Artist’s impression of an Archean landscape. The earliest metabolisms of the Archaea were based on the anaerobic reduction of carbon dioxide, and likely evolved during the earliest period of Earth’s evolutionary history. Credit: Tim Bertelink A team of scientists led by the University of Bristol has provided new insights into the origins of the Archaea, the group of simple cellular organisms that are the ancestors of all complex life. The Archaea are one of the Earth’s most genetically and ecologically diverse groups of micro-organisms.
They thrive in a bewildering variety of habitats, from the familiar – soils and oceans – to the inhospitable and bizarre, such as the boiling acid pools of Yellowstone National Park.
The research provides a new evolutionary tree for the Archaea that will help to make sense of their biodiversity, and provides a new window into the early history of life on Earth that is not preserved in the fossil record.
The work is published in PNAS.
With the development of new technologies for sequencing genomes directly from the environment, many new groups of Archaea have been discovered.
Dr Tom Williams from the School of Earth Sciences, said: ”But while these genomes have greatly improved our understanding of the diversity of Archaea, they have so far failed to bring clarity to the evolutionary history of the group.
”This is because, like other micro-organisms, Archaea frequently obtain DNA from distantly related organisms by lateral gene transfer, which can greatly complicate the reconstruction of evolutionary history.”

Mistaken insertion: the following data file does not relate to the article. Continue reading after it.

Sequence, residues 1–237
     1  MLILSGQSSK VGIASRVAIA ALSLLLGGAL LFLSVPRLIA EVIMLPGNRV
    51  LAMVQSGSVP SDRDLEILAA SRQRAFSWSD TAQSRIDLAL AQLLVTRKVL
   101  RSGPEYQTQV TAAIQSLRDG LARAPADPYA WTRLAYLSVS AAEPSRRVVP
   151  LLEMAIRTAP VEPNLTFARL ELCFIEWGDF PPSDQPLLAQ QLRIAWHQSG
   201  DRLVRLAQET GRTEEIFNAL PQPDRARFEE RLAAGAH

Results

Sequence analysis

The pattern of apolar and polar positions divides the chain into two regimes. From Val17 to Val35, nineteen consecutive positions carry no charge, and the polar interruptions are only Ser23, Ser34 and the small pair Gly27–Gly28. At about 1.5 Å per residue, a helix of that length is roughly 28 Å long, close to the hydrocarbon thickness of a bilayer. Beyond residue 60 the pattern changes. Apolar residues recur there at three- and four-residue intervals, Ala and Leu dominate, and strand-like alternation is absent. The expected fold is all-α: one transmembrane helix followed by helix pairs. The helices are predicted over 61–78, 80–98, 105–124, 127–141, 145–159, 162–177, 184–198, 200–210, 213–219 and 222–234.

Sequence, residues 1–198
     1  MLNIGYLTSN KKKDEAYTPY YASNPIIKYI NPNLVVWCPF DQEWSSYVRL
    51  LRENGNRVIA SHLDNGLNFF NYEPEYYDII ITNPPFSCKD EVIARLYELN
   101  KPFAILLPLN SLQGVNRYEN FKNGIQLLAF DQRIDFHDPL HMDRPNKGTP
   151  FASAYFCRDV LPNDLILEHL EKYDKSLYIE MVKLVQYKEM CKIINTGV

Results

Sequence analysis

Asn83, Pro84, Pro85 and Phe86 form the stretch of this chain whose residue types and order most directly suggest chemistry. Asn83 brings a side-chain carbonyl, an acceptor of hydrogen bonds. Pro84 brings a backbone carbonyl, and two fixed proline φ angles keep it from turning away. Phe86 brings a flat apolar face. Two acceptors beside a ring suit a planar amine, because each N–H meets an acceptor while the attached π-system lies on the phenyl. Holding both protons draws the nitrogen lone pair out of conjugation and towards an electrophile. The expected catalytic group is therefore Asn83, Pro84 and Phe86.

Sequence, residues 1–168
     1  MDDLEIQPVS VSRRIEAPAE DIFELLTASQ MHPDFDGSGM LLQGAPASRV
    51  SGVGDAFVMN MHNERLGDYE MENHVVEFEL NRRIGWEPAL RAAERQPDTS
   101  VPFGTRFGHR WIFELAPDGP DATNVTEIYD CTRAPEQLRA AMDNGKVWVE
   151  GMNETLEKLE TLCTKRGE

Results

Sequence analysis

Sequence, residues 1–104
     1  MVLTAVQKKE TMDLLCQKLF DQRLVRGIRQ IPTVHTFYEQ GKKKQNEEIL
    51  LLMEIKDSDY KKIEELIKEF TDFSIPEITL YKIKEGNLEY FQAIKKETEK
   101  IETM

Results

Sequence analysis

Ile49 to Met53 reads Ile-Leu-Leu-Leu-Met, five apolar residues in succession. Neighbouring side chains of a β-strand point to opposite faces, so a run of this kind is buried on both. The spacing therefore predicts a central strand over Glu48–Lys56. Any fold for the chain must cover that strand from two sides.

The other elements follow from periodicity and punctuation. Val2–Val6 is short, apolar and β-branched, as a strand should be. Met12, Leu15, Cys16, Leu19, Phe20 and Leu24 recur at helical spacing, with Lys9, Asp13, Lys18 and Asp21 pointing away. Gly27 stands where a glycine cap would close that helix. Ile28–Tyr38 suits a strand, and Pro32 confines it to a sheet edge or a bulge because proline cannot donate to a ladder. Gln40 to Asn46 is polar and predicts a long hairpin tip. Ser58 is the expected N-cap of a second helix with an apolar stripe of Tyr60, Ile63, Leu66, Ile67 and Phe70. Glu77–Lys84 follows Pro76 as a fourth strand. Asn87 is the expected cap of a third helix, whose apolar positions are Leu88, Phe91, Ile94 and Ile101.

However, in their new work, Dr Williams and colleagues use a new statistical approach that combines information from thousands of genes found in many different archaeal genomes to show that events of lateral gene transfer can actually be used to orient the tree in time, resolving the deepest relationships in the evolutionary tree.
By determining which genes appeared first during the evolution of the Archaea, the new tree makes clear predictions about the basic biochemistry of the earliest Archaea, cells which may have lived over 3.5 billion years ago: these cells likely made energy using the Wood-Ljungdahl pathway, a biochemical pathway that today is found not only in Archaea but also in Bacteria, another major group of micro-organisms.
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More information: Tom A. Williams et al. Integrative modeling of gene and genome evolution roots the archaeal tree of life, Proceedings of the National Academy of Sciences (2017). DOI: 10.1073/pnas.1618463114
Journal reference:Proceedings of the National Academy of Sciences
Provided by:University of Bristol